Canadian and Iranian Graduate Students' Conceptions of Critical Thinking: A Comparative Study
Keywords:Critical thinking, Canadian students, Iranian students, culture, higher education, comparative study, narrative inquiry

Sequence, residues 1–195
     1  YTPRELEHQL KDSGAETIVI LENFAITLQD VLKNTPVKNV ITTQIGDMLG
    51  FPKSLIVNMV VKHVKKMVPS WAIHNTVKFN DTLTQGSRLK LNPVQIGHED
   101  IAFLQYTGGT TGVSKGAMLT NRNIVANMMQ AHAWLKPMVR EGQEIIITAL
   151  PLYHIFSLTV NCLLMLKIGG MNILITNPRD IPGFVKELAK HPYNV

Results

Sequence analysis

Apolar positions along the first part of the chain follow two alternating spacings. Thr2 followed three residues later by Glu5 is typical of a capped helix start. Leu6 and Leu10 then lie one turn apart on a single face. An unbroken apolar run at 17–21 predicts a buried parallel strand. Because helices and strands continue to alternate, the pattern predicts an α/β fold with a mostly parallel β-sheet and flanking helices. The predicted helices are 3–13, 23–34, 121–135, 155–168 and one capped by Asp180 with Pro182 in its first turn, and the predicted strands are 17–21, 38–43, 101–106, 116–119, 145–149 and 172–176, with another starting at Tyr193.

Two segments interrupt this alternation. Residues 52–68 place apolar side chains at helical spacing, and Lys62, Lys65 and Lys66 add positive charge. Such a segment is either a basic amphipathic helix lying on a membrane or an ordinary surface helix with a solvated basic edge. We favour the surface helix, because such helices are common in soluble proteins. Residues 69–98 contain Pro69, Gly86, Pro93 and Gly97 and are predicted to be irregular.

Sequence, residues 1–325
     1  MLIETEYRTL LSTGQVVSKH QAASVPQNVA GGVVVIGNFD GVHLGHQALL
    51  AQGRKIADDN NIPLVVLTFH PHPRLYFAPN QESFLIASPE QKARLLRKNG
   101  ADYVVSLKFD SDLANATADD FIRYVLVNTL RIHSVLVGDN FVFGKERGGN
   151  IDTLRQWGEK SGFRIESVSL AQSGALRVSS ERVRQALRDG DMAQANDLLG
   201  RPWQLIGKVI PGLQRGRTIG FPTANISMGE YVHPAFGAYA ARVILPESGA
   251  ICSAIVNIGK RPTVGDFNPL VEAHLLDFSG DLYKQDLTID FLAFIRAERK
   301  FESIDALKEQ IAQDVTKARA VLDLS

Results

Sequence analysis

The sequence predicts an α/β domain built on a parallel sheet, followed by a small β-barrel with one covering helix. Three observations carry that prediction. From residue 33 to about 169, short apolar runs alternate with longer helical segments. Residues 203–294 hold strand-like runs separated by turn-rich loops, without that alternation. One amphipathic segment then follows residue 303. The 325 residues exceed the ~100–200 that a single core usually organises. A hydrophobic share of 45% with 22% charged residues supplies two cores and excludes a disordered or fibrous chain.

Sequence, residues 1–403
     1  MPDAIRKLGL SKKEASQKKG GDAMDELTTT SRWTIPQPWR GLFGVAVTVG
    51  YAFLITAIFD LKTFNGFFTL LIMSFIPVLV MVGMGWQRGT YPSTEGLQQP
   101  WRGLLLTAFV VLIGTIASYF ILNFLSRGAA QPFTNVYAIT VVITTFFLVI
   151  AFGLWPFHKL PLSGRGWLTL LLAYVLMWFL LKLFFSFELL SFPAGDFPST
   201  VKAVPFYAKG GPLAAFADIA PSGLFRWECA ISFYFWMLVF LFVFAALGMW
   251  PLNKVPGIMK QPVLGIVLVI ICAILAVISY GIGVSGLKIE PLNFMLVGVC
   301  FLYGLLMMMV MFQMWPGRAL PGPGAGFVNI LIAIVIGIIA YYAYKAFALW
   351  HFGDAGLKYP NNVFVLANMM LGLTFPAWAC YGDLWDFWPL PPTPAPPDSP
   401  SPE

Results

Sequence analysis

This study compares Canadian and Iranian international students’ conceptions of critical thinking during their graduate studies in Canada. Critical thinking is an essential skill in Canadian higher education. It enables students to make reasoned judgments from their observations and experimentation. This narrative inquiry using open-ended interviews describes the narratives of eight students from different master’s programs at a university in western Canada to examine their experiences and notions of critical thinking. The preliminary findings reveal that while all Canadian participants had knowledgeable perspectives about critical thinking, Iranian participants required more knowledge to build their critical thinking conceptualizations. Moreover, content knowledge, instructors’ competence, and teaching methods significantly influenced students’ critical thinking development. Results offer a comprehensive understanding of how Canadian higher institutions and curriculum developers need to provide appropriate opportunities and curricula for cultivating and developing critical thinking among local students while paying attention to Iranian students’ needs and academic preparedness.
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